{{od}{Yes people id the satellite states rebelled against the USSR, the question is did those running the show also rebel? If the local politico's remained loyal, did nothing to prevent the soviet crackdown, then yes, they remained loyal. You are more than welcome as I said to argue this on the respective pages of the articles in question. I assume you have no further objection to my proposal? I am actually thinking of creating a section on relationship with the USSR. Darkness Shines (talk) 10:27, 30 January 2012 (UTC)

Darkness Shines, AndyTheGrump, I think you know almost nothing about the history of Bulgaria and Eastern Europe, to say this. The first anti-communist revolt in Europe became in Bulgaria. Read Goryani.--Stolichanin (talk) 19:02, 1 February 2015 (UTC)

History[edit]

I suggest that the History section is separated in a different article similarly to the History of Bulgaria (1878–1946) and History of Bulgaria since 1989 --V3n0M93 (talk) 13:48, 5 February 2012 (UTC)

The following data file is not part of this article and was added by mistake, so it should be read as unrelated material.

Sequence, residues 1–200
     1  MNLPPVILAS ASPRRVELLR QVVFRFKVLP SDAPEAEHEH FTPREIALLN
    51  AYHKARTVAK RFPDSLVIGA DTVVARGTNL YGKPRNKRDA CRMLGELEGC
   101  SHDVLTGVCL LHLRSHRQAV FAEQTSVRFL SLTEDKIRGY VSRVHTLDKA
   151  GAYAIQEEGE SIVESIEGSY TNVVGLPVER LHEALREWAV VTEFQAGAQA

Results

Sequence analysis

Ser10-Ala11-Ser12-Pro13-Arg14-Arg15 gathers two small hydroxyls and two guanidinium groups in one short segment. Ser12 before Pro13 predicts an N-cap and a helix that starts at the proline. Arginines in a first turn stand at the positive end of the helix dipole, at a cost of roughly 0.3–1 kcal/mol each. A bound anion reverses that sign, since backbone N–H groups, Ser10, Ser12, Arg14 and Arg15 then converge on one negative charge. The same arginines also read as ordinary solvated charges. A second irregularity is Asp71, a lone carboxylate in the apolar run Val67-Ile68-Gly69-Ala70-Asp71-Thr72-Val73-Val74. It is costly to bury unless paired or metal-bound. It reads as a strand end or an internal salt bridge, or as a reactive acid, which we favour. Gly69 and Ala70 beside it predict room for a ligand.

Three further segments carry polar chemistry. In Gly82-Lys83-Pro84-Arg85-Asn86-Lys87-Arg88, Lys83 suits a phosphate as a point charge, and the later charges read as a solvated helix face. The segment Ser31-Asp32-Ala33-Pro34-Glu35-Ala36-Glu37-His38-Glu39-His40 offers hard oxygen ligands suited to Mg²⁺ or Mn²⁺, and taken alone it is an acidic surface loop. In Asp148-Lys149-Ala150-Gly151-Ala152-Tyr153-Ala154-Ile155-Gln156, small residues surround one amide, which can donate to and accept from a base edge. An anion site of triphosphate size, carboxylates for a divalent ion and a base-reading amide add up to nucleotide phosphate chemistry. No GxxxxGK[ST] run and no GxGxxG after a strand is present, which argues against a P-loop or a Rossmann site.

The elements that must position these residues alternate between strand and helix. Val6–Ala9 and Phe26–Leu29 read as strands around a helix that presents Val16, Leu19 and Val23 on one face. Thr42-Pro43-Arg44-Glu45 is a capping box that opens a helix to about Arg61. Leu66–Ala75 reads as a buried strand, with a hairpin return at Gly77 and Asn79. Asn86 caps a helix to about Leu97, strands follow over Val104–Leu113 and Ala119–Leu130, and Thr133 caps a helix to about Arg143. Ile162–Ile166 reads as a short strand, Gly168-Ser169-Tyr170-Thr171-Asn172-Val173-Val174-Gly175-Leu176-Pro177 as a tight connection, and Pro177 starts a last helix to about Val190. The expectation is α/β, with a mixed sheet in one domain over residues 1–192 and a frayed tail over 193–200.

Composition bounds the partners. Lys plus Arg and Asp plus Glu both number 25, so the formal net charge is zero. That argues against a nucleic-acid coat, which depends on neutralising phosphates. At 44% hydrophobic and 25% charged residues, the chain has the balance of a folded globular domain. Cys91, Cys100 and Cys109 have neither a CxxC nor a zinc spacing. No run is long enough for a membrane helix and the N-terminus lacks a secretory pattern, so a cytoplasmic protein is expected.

Infox "status" section[edit]

I changed the former label "Satellite State of the Soviet Union and Warsaw Pact state during the Cold War" by separating it to make it more easy-to-read. I also omitted the "during the Cold War" part of the former label due to its redundancy, as the Warsaw Pact existed until the end of the Cold War. Thus, its existence during the Cold War is already implied.

If there are any digressions please let me know.

BUjjsp (talk) 18:04, 6 November 2014 (UTC)

Official system?[edit]

Hello all, as I saw the article (Narodna republika Bǎlgarija) mistranslittered with the official and unscientifical one I wasted my time and corrected then my contribution was then [reverted by StanProg by saying that it necessarily would be translitterated with official system. As known, the scientifical way is of transliteration is widely used in the academical world, why some people force an unscientifical way of transliteration in an scientifical encyclopedia? Anton.aldemir (talk) 20:14, 3 July 2015 (UTC)

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  1. ^ Rose, Richard (2002). Elections without order: Russia's challenge to Vladimir Putin. Cambridge University Press. p. 54. ISBN 978-0521016445. Bulgaria was a loyal satellite that benefited economically by following the Moscow line  Unknown parameter |coauthors= ignored (|author= suggested) (help)
  2. ^ Streissguth, Thomas (2002). The Rise of the Soviet Union. Greenhaven. p. 225. ISBN 978-0737709292. 
  3. ^ McColl, R. W. (2005). Encyclopedia of world geography. Facts On File. p. 125. ISBN 978-0816057863.